Senators Lisa Murkowski (R-Alaska), Dianne Feinstein (D-Calif.), Lamar Alexander (R-Tenn.), and Maria Cantwell (D-Wash.) introduced legislation directing the federal government to establish both temporary and permanent storage sites for nuclear weapon and energy production waste. On the same day, the White House unveiled its own strategy for disposing of defense and commercial nuclear waste. The strategy, authorized in a presidential memo, reverses the government’s past policy of combining nuclear waste produced from defense activities with spent nuclear reactor fuel into the same repository. For more information see the NCSL Blog.
The Department of Interior (DOI) released a final rule regulating hydraulic fracturing on public lands. The rule states that oil and gas companies employing hydraulic fracturing processes on public lands will be required to disclose the chemicals they use and to halt wastewater storage techniques that could contaminate groundwater. Hours after the release of the rule, a coalition of western energy groups filed a lawsuit against DOI stating the rules are redundant to state regulations already underway.
The White House’s domestic climate strategy, which formalizes targets and plans announced by the administration throughout the year, has been submitted to the United Nations. One such announcement central to the U.N. plan is the 26-28 percent reduction of greenhouse gas emissions from the power sector by 2025. The U.S. plan and the plans promised by almost 200 other nations will form the foundation for an international climate deal, to be proposed by the U.N.
Senator Maria Cantwell (D-Wash.) introduced the Crude-By-Rail Safety Act, a bill that would attempt to make shipping crude oil by rail safer through requiring the Pipeline and Hazardous Materials Safety Administration (PHMSA) to draft new regulations. Specifically, the bill would require PHSMA to set new standards for crude oil volatility, immediately remove unsafe tanks cars from commission, and increase fines for violations, amongst other changes. The bill is co-sponsored by Senators Dianne Feinstein (D-Calif.), Patty Murray (D-Wash.) and Tammy Baldwin (D-Wisc.).
Speaking at a power association conference, the head of the North American Electric Reliability Corp (NERC) said the EPA’s proposed regulations to reduce greenhouse gas emissions from the power sector are likely to create electric generation shortages in various regions of the U.S. NERC plans to release a report in mid-April with official findings of generation capacity that will need to be retired if the rules are finalized, and where this could create shortages. Speaking of reliability, the Federal Energy Regulatory Commission (FERC) held its third and final regional conference in Washington, D.C., to explore potential reliability issues with EPA’s proposed greenhouse gas emission reduction rules. The all-day conference hosted a number of panels consisting of the EPA, state regulators, utilities, co-ops, grid operators and environmental groups.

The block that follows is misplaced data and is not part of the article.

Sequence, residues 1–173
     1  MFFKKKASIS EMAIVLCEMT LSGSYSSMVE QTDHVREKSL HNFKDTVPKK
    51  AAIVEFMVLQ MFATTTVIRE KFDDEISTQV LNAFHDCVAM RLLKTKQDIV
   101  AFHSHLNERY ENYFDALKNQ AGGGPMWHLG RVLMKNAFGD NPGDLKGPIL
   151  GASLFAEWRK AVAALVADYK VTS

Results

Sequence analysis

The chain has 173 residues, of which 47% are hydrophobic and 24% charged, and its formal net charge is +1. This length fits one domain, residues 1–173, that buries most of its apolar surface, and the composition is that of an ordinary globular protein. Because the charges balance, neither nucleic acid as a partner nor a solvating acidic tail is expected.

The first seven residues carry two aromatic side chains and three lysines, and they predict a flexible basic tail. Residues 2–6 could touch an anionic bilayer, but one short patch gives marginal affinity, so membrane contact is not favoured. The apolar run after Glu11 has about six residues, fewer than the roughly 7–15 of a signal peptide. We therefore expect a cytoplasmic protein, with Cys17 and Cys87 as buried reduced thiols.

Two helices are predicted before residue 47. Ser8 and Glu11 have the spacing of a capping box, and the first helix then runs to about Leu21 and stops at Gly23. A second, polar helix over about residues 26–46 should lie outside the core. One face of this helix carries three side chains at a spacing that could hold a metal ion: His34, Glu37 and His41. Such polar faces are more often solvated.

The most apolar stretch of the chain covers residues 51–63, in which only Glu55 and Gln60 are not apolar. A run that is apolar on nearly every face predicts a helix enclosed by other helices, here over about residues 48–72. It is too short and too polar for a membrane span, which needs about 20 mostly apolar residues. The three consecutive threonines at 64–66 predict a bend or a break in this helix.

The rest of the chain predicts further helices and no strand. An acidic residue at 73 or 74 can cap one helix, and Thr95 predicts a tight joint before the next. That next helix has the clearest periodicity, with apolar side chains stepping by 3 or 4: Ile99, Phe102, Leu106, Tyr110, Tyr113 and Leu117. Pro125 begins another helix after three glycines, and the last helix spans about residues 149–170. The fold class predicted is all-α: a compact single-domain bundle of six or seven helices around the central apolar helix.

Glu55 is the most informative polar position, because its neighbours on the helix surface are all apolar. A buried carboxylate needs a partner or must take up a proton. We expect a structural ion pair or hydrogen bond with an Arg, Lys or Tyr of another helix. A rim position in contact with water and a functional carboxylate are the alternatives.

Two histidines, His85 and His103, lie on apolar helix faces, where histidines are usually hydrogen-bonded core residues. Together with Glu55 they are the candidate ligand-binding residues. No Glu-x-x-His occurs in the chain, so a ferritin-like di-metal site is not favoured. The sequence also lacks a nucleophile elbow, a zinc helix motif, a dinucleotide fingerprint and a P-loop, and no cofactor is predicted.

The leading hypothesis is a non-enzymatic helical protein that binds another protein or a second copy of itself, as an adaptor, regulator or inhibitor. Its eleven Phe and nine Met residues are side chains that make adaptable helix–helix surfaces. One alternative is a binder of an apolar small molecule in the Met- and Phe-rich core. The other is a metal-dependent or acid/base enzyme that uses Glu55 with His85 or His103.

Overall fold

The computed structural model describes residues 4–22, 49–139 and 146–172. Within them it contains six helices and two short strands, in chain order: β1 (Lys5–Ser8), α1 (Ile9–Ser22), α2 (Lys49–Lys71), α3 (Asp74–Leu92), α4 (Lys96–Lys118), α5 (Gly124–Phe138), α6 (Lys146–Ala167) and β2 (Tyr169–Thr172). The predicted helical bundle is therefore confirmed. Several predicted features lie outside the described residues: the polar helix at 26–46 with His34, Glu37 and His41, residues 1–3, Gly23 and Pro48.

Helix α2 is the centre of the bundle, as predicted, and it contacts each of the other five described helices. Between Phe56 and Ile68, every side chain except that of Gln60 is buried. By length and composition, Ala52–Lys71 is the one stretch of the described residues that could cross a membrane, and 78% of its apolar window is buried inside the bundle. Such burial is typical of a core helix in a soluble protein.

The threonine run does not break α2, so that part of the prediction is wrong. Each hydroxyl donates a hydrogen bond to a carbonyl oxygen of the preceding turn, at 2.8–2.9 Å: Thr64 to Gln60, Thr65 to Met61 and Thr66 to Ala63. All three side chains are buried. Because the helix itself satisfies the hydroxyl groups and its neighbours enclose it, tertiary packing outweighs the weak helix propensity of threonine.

The EPA will release a final rule by the end of April that will prevent companies from discharging wastewater from shale drilling into publicly owned water treatment plants. EPA first proposed the rules in 2011, and on March 30 the Office of Management and Budget completed its review of the rule, the last hurdle before the final rule is published.
In the 2015 legislative session, states are responding to the EPA's proposed regulations for greenhouse gas emissions from future and existing power plants through legislation and public comments to establish legislatures' roles in responding to these regulations. More than 70 bills have been introduced in 28 states concerning these regulations. View this updated web page for more information.
NCSL’s Natural Resources and Infrastructure Committee will be hosting a Spring Webinar Series that features a number of energy-themed webinars, including state options and responses to greenhouse gas emissions regulations, the impact of falling oil prices on state budgets, natural gas pipeline safety and more. Visit our Web page to view more information and to register for these upcoming webinars.
Regulatory models in many states discourage utility efficiency investments. The results are an increase in the amount that consumers spend on energy and slower economic growth. Many states have changed the regulatory structure so that utilities will benefit if they pursue cost-effective energy efficiency. This April LegisBrief explores state policies that encourage utilities to invest in energy efficiency.